Queen Elizabeth I (1533-1603)Queen Elizabeth I (1533-1603) - Though England's monarchy has been dominated by kings (as is the case with most countries), arguably its greatest monarch ever was a queen.  So successful was the reign of Elizabeth I, that it has been dubbed the "Elizabethan Era", which is synonymous with golden age.  In fact, the only other period which rivals the Elizabethan Era is named for another queen; the "Victorian Era".  Apart from the notable accomplishments achieved by the country during her tenure, it also marked the greatest stability of the English monarchy since the reign of Edward III.  The years between saw a protracted war with France (The Hundred Years' War), a civil war (Wars of the Roses), the fickle reign of Henry VIII and the short tumultuous reigns of Elizabeth's half-siblings, Edward VI and Mary.  The English people welcomed her as their queen as well; a sharp contrast from Mary, whom they viewed as "too Spanish" (on account of her being the daughter of Catherine of Aragon and wife of Philip II).  Mary had tried to prevent Elizabeth from ever becoming queen by accusing her of inciting a riot to prevent her marriage to Philip II.  She had hoped to execute her, but lack of evidence prevented it.  Instead, she kept her imprisoned in the Tower of London for a year.  But Mary's inability to have children and her death in 1558 insured Elizabeth's accession.  One of her first acts as queen was the Religious Settlement, which abandoned Roman Catholicism and restored the Protestant Church in England.  As a new queen, Elizabeth showed exceptional wisdom by leaning heavily on her advisers.  Her closest for most of her reign was William Cecil of Burghley.  Another important matter dealt with her marital status.  She was still single when she became queen at the age of 25, which was quite old to be unmarried at the time.  Although she entertained the prospect of several suitors, she ultimately never married.  As a result, she is remembered as "The Virgin Queen".  As the last surviving child of Henry VIII, this insured she would be the last monarch of the Tudor dynasty.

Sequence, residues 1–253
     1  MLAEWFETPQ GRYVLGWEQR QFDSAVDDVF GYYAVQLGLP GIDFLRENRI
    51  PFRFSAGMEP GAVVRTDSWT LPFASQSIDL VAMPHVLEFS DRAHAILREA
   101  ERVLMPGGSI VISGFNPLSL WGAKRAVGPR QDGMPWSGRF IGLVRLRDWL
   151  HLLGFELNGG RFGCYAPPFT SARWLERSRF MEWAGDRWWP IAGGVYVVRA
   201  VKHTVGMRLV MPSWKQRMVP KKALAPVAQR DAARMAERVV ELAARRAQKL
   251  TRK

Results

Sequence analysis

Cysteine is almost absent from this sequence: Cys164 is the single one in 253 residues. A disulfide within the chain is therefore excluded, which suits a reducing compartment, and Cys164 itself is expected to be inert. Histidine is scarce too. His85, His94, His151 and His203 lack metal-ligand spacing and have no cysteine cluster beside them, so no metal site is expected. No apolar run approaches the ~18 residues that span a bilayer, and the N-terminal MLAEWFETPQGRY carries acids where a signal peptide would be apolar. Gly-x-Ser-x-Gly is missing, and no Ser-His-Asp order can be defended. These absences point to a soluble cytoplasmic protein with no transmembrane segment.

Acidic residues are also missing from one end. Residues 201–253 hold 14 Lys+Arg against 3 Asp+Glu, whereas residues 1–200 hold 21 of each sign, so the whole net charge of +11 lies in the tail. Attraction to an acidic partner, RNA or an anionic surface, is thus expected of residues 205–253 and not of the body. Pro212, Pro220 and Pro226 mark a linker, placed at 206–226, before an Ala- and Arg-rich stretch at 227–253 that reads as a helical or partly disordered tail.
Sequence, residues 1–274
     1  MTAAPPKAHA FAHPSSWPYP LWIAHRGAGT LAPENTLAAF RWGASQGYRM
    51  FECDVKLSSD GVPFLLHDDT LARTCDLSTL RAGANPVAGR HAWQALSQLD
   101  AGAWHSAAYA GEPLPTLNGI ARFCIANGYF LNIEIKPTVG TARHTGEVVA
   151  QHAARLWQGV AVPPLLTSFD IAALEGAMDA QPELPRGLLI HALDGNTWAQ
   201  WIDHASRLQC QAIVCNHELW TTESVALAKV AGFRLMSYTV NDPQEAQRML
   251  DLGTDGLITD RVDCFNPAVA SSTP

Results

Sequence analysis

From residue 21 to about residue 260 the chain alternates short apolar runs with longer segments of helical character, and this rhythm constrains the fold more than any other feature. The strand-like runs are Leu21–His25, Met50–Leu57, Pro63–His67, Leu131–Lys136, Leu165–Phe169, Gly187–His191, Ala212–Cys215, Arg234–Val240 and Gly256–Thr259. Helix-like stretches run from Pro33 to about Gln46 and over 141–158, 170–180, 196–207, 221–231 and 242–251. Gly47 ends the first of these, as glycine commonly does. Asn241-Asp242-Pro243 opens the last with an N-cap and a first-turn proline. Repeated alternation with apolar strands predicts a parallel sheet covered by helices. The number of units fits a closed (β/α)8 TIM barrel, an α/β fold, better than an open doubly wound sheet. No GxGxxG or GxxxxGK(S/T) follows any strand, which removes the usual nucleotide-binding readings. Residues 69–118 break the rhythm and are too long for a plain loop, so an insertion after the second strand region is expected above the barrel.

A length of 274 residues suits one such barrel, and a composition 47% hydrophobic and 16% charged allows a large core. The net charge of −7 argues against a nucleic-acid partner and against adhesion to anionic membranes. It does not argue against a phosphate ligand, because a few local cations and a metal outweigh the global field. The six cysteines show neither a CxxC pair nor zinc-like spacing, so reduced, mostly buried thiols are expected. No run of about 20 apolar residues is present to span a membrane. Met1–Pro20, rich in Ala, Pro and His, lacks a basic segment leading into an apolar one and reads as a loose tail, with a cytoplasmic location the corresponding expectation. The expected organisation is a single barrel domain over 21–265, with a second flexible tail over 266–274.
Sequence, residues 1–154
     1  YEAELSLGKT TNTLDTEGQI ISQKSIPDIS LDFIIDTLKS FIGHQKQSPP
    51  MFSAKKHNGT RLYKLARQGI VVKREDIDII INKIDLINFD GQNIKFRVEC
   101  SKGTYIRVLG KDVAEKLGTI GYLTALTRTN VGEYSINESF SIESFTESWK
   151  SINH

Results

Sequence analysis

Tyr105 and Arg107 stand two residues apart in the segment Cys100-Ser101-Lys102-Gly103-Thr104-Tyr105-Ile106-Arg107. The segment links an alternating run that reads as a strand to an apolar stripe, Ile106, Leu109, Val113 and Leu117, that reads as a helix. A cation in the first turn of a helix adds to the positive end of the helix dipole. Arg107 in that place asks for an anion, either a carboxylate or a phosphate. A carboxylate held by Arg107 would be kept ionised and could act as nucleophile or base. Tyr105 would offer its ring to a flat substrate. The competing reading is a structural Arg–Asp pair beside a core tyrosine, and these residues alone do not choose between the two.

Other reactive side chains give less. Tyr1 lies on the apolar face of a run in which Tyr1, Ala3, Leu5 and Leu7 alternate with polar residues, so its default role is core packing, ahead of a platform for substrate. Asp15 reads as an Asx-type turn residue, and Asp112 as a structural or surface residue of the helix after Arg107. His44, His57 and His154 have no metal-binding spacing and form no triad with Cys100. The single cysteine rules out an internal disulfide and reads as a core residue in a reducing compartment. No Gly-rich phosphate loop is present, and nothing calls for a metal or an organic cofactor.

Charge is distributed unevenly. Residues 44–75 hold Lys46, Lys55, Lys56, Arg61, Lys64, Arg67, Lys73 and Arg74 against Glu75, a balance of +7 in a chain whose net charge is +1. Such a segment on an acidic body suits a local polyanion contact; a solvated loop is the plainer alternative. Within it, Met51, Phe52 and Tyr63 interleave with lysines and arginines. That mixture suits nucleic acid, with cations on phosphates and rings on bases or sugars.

The low point of her reign would have to be in 1587 with the execution of her first cousin once removed, Mary, Queen of Scots.  Elizabeth saw her as a potential rival and, after an attempted assassination plot, had her tried for treason.  But she had little time to reflect on the act as the greatest threat to her rule and her country came the following year with the invasion of the Spanish Armada.  Despite King Philip's claim that his fleet was "invincible", it turned into a smashing victory for England.  From that point the British fleet replaced the Spanish as the most powerful in the world.  Spain's navy was vital to maintaining its vast empire, and Elizabeth broke the power of that empire.  At the same time, she set her own nation on the course to empire; one which would become one of the greatest in history.  In addition to this, her reign was also marked by cultural achievements.  English drama became the most prominent in Europe with writers like Christopher Marlowe and especially William Shakespeare.